London Insider Reveals Best Places to Eat, Stay and Play
David Gropman, production designer for Ang Lee and Lasse Hallstrom, details his favorite gastropubs and exotic cuisine for adventurous visitors: "Don't become addicted to bacon fat on white bread."
Production designer David Gropman has worked on 40 movies and been nominated for two Oscars (2012's Life of Pi, 1999's The Cider House Rules). The self-effacing L.A. native also was BAFTA-nominated for his art direction on Life of Pi. "David is special," director Ang Lee tells THR. "We always talk first about the story and the drama — the design comes later as a matter of fact." Robert Benton, a writer-director with multiple Oscars on his mantel, has made three films with Gropman, including Nobody’s Fool with Paul Newman, and Twilight, for which the production designer found a Hollywood house that the director says “became as much a character in the film as any of the actors. David was, in a sense, a co-writer of the film." With Lasse Hallstrom, Gropman designed seven films, including Cider House. "Everything David does is in good taste," says the director, "Nothing he does is ever vulgar." Gropman's taste also informs his pick of projects — from Denzel Washington's Fences to George Clooney and Grant Heslov's upcoming Catch-22 series for Hulu — and his guide to the best of London during the BAFTAs.
My message to Hollywood talent or studio executives heading to London's BAFTA awards is simple: BAFTA might be the best of the awards circuit. The English are great hosts and take incredibly good care of me and my wife, Karen, from our stays at The Dorchester on Hyde Park (during the awards, our stays were funded by the studios; from $530) to the BAFTA-booked Mercedes-Benz cars that efficiently take us to the awards and the many parties. The awards themselves are fantastic: It's all very chummy. They also make nice gift bags, with items like Hackett London wallets and champagne. I still tote one around. It's a great canvas bag.
For the trip in which we shot most of Lasse Hallstrom's Chocolat, I stayed in Holland Park and often ate at The Ladbroke Arms around the corner, a charming gastropub I still visit. Order the mackerel pate and the venison with cabbage (about $45). I later came across another fantastic gastropub in Notting Hill called The Cow, and in Bath I discovered the ploughman's lunch, one of my favorite meals. Found in every pub, it's a simple but tasty platter of local cheeses, paté, pickled onions and baguette.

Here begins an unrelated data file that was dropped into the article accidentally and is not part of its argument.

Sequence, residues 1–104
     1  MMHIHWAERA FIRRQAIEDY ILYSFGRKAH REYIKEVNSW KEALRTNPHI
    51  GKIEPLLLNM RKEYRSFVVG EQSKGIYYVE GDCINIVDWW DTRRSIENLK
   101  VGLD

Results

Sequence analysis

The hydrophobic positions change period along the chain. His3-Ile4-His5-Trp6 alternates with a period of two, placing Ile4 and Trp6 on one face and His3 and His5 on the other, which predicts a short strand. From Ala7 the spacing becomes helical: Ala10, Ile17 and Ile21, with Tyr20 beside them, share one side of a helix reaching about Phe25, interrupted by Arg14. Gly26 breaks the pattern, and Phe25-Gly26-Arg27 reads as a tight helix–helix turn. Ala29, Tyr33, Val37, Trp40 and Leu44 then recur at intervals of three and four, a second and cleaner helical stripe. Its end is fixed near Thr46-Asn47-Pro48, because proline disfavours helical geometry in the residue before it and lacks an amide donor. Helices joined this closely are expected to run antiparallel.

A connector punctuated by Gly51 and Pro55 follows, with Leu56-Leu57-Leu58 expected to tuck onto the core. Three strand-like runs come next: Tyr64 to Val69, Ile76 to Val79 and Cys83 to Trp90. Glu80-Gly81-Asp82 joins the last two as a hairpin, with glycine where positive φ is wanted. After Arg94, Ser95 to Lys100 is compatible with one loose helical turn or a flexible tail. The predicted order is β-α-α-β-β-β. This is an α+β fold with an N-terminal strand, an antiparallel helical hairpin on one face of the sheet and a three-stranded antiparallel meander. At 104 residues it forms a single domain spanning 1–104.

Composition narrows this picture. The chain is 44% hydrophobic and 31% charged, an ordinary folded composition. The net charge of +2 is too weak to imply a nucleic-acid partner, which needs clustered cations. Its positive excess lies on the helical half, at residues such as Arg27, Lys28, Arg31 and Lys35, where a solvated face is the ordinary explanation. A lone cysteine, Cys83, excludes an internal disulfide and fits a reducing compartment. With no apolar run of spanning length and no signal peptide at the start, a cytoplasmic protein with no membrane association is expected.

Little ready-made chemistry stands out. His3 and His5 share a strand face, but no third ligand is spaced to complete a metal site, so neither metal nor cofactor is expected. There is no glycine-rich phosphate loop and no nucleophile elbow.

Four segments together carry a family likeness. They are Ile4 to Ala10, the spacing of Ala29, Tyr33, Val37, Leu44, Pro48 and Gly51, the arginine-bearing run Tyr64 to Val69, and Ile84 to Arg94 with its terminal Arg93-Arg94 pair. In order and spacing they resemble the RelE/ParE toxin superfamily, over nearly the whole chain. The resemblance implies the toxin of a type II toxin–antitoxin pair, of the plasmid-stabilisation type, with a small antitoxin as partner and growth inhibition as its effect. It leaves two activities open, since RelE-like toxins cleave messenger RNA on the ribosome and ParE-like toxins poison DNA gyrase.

It was on that extended Chocolat stay in the late 1990s that I fell in love with the Notting Hill/Holland Park neighborhood, and I almost always stay there now, in apartments booked through OneFineStay or other such upmarket Airbnb outfits.
Here's my tip about shooting at Shepperton Studios and Ealing Studios (which is really fun, as you walk from stage to stage and see different people you know from the industry): Don't become addicted, as I did, to the bacon fat on white bread sandwich from Shepperton's canteen. It's called "back bacon," and it will come back to bite you. So delicious.
Other than the usual suspects, my favorite must-see is the lesser-known Sir John Soane's Museum, the home and library of the Victorian architect. What an interesting character he was, and the museum is filled with an amazing collection of paintings and artifacts, including A Rake's Progress by William Hogarth.
I really got into London's Michelin-starred food scene while working on John Wells' Burnt (2015). John is such an avid researcher and wants to get everything just right, which is why we toured a lot of London's two- and three-star restaurants. Among others, we ate at Alain Ducasse at the Dorchester, Helene Darroze at The Connaught, The Ledbury in Notting Hill and Marcus at The Berkeley. That minimalist restaurant's executive chef, Marcus Wareing, also was a Burnt consultant.
But my favorite three-star establishment was Restaurant Gordon Ramsay on Royal Hospital Road. The setting is beautiful, so small and intimate, and the service exceptional. Try the seasonal menu: Right now, they are serving pressed foie gras and Cornish turbot (about $160). The first time, no one knew why we were there, but because we ate late, the restaurant was emptying out. The maitre d' came over to the table and said, "Would you like to see the kitchen?" Uh … yes! It was a special occasion.
On Westbourne Grove in Notting Hill, we discovered Granger & Co. by Australian chef Bill Granger. It's embarrassing to say how many times we ate there during the week, because it's not inexpensive, but of course nothing in London really is. They don't take reservations, but if you go there enough times, they take care of you. I love that. Around the block is a fantastic Mexican restaurant called Taqueria — more Mexican tacos than L.A. tacos — and try Pizza East if you have young children. Wow. Never had the pizza there, but the crispy pork belly is amazing.
But my all-time favorite London restaurant is The Palomar in Soho. It's hard to get a reservation, so we just show up at 5:30 p.m. when it opens and get a place at the bar. But that's where you want to eat anyway. Just watching the chefs is fantastic, and you can get excellent vodka martinis from the bartender while waiting for your food. Order the m'sabacha, a kind of hummus; the sea trout tartar; and the shakshukit, which is minced lamb and yogurt ($18).
Last summer, when we were working on Catch 22, my wife and I flew to London just for a weekend. We stayed at the Sanderson London Hotel (from $695 for a loft suite), which I also like because it's near the West End, and had dinner at Palomar. The next day we ate lunch at Granger & Co. and then flew back to Italy. That pretty much says it all.
A version of this story first appeared in the Feb. 6 issue of The Hollywood Reporter magazine. To receive the magazine, click here to subscribe.